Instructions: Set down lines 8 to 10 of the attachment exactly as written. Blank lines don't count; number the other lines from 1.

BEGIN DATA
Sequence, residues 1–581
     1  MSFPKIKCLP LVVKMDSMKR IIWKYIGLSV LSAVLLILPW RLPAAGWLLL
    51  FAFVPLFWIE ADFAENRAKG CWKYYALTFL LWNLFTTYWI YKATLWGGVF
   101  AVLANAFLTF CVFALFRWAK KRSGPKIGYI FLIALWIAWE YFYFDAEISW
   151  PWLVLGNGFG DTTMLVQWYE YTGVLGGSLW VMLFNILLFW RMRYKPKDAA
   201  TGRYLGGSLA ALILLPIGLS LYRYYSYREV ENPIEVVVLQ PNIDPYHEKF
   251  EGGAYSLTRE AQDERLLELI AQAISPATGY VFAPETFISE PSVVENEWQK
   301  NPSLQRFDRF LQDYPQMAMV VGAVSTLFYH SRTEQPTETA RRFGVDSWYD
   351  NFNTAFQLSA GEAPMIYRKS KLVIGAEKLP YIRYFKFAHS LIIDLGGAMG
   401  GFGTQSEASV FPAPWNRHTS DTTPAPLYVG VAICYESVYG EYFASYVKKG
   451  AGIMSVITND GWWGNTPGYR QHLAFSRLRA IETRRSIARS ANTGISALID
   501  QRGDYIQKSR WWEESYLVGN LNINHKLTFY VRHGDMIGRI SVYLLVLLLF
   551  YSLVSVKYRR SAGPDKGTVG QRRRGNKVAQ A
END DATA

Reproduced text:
   301  NPSLQRFDRF LQDYPQMAMV VGAVSTLFYH SRTEQPTETA RRFGVDSWYD
   351  NFNTAFQLSA GEAPMIYRKS KLVIGAEKLP YIRYFKFAHS LIIDLGGAMG
   401  GFGTQSEASV FPAPWNRHTS DTTPAPLYVG VAICYESVYG EYFASYVKKG